5 greatest Olympic Games documentaries 

Jesse Owens Poses With Gold Medals
Jesse Owens Poses With Gold Medals
Paul Thomas

The Olympic Games are unique and are one the oldest sporting events in the world. Although the modern Olympic Games were first held in Greece in 1896, the Games are as ancient as mythology.

The ancient Greeks held the Olympics in honor of their gods, especially Zeus. According to Aristotle, the first Olympic Games dates back to 776 BC.

READ: Simone Biles: 5 things you didn't know about the US gymnastics star

There is so much more that happens around the Olympics. There are stories surrounding each and every Games that have been held - stories about athletes, social and cultural narratives, about struggle and victory and much more.

Ahead of the Tokyo Olympics 2020, we look at the five greatest Olympic Games documentaries to watch.

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Top five greatest Olympic Games documentaries

#1 ‘More Than Gold: Jesse Owens and the 1936 Berlin Olympics’

The legacy of Jesse Owens transcends track and field. His story is not just about the sport but about racial discrimination, world war, a world threatened by Nazi Germany and Adolf Hitler.

Narrated by Morgan Freeman, 'More Than Gold: Jesse Owns and the 1936 Berlin Olympics', it is an hour-long documentary on one of the greatest and most famous track and field athletes in the world.

Owens won four gold medals at the 1936 Berlin Olympics, but the documentary tells the story of the black athlete’s struggle back in the US, where he found himself running against race horses to make money.

The documentary stars his 1936 Olympic teammates Adolph Kiefer and Iris Cummings Critchell, canoeist John Lysak and Owens’ three daughters.

#2 The Stand

Fifty years after US sprinters Tommie Smith and John Carlos raised the iconic fist salute at the 1968 Mexico Olympics, a 90-minute documentary narrated by none other than Serena Williams, shares the story of the gesture.

It was a politically charged and turbulent time in the US. Martin Luther King Jr. was assassinated almost five years after former President John F. Kennedy was. The Vietnam War was still on, Soviet Union troops suppressed the Prague Spring, and protests raged in North America and Europe. Ten days before the Games, government troops in Mexico City opened fire on demonstrators and protesters.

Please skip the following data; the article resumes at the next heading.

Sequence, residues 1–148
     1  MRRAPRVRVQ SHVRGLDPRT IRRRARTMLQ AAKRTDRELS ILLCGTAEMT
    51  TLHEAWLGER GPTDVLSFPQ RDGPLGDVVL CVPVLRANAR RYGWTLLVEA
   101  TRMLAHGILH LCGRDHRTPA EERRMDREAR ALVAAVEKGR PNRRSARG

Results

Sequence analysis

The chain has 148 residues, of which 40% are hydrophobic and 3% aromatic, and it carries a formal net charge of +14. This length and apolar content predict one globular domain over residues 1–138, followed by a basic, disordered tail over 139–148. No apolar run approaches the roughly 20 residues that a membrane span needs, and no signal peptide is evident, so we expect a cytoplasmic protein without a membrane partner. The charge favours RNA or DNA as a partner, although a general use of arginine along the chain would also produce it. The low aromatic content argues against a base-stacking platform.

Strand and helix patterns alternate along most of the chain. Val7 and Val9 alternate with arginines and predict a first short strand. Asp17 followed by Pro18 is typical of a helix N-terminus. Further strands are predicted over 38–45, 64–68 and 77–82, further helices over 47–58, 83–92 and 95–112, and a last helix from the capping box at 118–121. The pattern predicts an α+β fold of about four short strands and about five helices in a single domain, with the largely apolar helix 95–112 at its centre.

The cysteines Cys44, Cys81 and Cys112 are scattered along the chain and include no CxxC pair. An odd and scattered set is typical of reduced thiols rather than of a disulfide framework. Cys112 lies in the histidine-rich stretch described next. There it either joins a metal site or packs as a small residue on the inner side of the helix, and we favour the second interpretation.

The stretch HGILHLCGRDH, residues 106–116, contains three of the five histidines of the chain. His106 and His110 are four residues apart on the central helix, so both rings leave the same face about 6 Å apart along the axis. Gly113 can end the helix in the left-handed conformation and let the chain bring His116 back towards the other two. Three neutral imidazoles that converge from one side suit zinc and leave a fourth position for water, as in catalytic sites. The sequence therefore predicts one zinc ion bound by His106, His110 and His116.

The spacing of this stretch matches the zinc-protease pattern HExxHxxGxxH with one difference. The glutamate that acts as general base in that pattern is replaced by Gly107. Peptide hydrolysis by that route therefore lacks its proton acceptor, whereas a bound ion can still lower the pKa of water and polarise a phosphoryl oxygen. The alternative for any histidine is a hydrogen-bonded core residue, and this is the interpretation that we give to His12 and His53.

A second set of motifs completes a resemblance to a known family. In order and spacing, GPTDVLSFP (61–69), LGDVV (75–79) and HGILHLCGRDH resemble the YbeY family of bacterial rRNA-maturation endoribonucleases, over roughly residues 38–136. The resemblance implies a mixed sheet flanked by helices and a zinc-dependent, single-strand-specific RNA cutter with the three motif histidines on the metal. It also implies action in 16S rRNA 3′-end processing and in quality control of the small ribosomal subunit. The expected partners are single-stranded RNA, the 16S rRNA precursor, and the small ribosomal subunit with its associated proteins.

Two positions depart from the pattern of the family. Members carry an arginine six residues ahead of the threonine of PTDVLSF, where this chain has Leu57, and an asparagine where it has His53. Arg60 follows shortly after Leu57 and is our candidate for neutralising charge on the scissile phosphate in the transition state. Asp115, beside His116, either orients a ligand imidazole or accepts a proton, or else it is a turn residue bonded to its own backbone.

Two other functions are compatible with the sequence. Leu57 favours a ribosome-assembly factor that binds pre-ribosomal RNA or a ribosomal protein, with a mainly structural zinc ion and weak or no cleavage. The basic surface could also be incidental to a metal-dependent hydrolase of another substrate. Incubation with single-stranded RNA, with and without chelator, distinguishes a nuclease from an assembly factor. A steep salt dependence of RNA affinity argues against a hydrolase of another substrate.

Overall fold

The 1968 Olympic Games became the centerstage for athletes not only from the US but Czechoslovakia. At the 200m victory ceremony podium, US athletes Tommie Smith and John Carlos raised their gloved fists. It was a statement against racial discrimination. Smith and Carlos were later suspended and sent back home from the Games.

The forgotten story of Vera Caslavska and her protest against Soviet Union

Protesting against the Soviet Union invasion of Prague, Vera Caslavska stood looking away from the flag during the medal ceremony.

Ahead of the Olympic Games, Caslavska was forced into hiding when the Prague Spring was on. She was afraid that she would be arrested by the Soviet Union troops as she was vocal about her dislike of Soviet rule.

Not only that, two months short of the Games, Caslavska had to prepare ‘using a log as a makeshift balance beam and shoveling coal to toughen up her hands for the rigors of the apparatus’, according to BBC.

#3 'Nadia Comaneci: The Gymnast And The Dictator'

Nadia Comaneci became a household name when she scored the perfect 10, becoming the first gymnast to do so in Games history at the 1976 Montreal Olympics.

However, not everything was perfect about her life. The documentary is about the former Romanian gymnast, a winner of three gold medals at 1976 Montreal Olympics, living under the dictatorship of Nicolae Ceausescu and abandoning her country for the US in 1989.

#4 Warrior Champions

The documentary is about four US soldiers - Iraq War veterans Kortney Clemons, Scott Winkler, Melissa Stockwell, and Carlos Leon - and their journey from losing limbs and paralysis to becoming Olympians and participating at the 2008 Paralympic Games in Beijing. Made by Brent and Craig Renaud, the filmmakers follow the 39th Battalion from Arkansas and their journey as a unit at war — including their entire deployment period.

#5 I Am Bolt

Usain Bolt is the fastest man on the planet and the documentary captures the Jamaican’s history-making story from the beaches to the Olympic Games. The documentary follows Bolt from nightclubs, his inner battles and struggles, his unguarded emotions and time spent at home, his time with coach and becoming the fastest man in the history games.

Viewers get to hear from his parents, agent, coaches, fellow athletes, and from the sprint legend himself.

Edited by Rohit Mishra


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